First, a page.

Along the Russian-Georgian border, war games or prelude to war?
Although both countries claim the military exercises are simply for practice, some wonder if the old dispute is again flaring.
MOSCOW – Both Russia and Georgia claim to fear a fresh attack from the other. That's why, each insists, they're staging war games and building up military forces to levels unseen since last August's brief but brutal war over the breakaway Georgian territory of South Ossetia.Skip to next paragraph
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Some experts suggest the Russians may be testing President Barack Obama, who arrives in Moscow on Monday, the very day Russia's current military mobilization is scheduled to end. Together with its new allies South Ossetia and Abkhazia, Moscow is this week holding its biggest post-Soviet army maneuvers amid the tense, mountainous borderlands where last summer's war raged. Georgia has denounced the Kavkaz-2009 games, which feature 8,500 troops and 200 tanks, as "pure provocation" and a possible prelude to renewed hostilities. Last month, Moscow slammed considerably smaller NATO-sponsored exercises in Georgia in nearly identical terms (read more Monitor coverage here).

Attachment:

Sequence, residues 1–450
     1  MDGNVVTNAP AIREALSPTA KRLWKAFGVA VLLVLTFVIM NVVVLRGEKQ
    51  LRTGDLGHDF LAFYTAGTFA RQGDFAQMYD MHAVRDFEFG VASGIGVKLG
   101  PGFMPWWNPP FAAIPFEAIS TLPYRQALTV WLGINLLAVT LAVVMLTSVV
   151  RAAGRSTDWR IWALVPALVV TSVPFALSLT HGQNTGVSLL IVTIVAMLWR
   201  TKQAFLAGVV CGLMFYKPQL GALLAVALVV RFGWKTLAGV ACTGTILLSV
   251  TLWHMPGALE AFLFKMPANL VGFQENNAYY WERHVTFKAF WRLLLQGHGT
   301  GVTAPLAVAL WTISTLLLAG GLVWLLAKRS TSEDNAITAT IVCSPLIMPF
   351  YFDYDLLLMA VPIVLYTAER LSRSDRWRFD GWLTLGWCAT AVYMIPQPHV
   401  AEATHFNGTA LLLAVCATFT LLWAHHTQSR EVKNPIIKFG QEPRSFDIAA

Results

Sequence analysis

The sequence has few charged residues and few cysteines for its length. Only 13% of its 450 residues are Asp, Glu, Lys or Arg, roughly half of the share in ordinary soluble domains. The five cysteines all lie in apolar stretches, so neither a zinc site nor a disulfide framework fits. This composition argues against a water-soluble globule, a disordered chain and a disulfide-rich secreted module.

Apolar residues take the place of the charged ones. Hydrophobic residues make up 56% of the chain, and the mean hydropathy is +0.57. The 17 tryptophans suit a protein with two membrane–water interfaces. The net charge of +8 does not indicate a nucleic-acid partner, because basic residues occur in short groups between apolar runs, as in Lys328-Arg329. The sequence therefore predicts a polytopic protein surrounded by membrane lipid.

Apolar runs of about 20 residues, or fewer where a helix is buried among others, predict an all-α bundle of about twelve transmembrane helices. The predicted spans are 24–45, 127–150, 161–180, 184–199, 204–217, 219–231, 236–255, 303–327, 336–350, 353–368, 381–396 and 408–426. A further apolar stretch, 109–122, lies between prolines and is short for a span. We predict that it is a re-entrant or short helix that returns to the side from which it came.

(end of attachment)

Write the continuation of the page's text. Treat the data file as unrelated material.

"The Georgian government is very agitated around these Russian war games, and is at least suggesting that it is connected with the Obama visit to Moscow," says George Khutsishvili, director of the independent International Center for Conflict and Negotiation in Georgia's capital, Tbilisi. "The fear here is that if Obama reveals some weakness in his talks in Moscow, that it could lead to a renewal of the war.... I don't take this seriously, but there is no doubt that these military exercises are a demonstration of force on the anniversary of the war. They show that Russia is ready."
Among other things, Russia is testing several new weapons – such as the T-90 tank – and fresh tactics adopted following harsh assessments of its Army's performance during the August war (read more here).
In Northern Ossetia, the Russian border region linked to South Ossetia, where the bulk of the war games are taking place, there is also deep unease over the dueling exercises.
"We are hearing about concentrations of Georgian troops near the border, and this is deeply alarming for us," says Olga Vyshlova, editor of the daily Severnaya Ossetiya newspaper in Vladikavkaz, the capital city of North Ossetia. "The Caucasus is not a calm region. If the Russian troops are building up their skills to protect us, what's wrong with that?"